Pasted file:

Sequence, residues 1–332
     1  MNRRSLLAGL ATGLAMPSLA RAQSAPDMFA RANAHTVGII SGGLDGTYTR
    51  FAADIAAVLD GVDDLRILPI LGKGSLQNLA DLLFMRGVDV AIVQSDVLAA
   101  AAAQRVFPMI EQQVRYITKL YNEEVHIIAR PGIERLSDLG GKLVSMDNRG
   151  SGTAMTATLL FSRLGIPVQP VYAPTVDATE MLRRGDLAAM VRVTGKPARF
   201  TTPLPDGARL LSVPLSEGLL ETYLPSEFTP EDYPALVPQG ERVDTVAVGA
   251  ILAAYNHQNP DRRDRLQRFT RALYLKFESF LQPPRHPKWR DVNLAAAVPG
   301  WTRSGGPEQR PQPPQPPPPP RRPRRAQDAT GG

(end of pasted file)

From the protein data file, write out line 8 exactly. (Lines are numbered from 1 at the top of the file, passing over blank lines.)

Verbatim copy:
   301  WTRSGGPEQR PQPPQPPPPP RRPRRAQDAT GG